That said, Lemire packs plenty of substance into his story, as well. It all comes back to the mysterious temple. I’m especially interested in learning what the aliens are getting out of sending Nika through the temple again. I haven’t yet decoded the alien language, so I’m just going off of the tidbits that are already translated, but the aliens referring to themselves as “the ushers” stuck out to me.
Several of these aliens stuck around in the face of imminent death just to lead Nika back into the temple. What significance does she hold for their civilization? Are they just the ultimate wingmen in this great love story? I don’t yet know what role they play in the grand scheme of things, but they seem to know a lot of things I don’t. At the very least, watching Clayton try to interact with them should provide a few good laughs. Or maybe some more dynamite.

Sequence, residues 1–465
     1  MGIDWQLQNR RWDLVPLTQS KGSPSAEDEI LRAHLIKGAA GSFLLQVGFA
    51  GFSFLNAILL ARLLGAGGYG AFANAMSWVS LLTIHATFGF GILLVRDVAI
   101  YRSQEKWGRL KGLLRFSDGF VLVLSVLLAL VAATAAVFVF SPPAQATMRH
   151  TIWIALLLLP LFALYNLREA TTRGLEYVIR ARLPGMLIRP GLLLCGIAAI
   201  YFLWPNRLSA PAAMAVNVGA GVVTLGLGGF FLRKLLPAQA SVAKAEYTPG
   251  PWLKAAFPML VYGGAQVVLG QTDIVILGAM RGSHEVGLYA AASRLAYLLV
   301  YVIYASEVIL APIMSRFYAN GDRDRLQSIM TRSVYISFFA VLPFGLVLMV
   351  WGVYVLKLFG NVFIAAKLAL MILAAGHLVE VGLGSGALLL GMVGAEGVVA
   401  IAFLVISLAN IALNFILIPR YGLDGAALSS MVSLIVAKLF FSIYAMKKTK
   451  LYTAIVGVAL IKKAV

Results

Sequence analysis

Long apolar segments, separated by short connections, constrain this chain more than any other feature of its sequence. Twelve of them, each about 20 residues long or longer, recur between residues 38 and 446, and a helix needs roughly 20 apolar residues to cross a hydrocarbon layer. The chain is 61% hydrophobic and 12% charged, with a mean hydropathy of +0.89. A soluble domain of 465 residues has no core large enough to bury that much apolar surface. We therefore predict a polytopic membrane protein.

This comic is incredibly engrossing. It still looks and feels unlike any other comic I’m reading. I can easily be turned off by sci-fi when I have no idea what’s going on, but I simply can’t put this one down and I fully expect Lemire will make it worth my while. I really did flip the wrong page more often than not, but that’s a testament to just how immediately captivating this story is- even after just a page or two I’m so fully immersed in the story that I’ve forgotten that I just flipped the book over 30 seconds ago. OK, maybe it happened once or twice because I’m forgetful, but mostly it was because I was captivated.
For a complete list of what we’re reading, head on over to our Pull List page. Whenever possible, buy your comics from your local mom and pop comic bookstore. If you want to rock digital copies, head on over to Comixology and download issues there. There’s no need to pirate, right?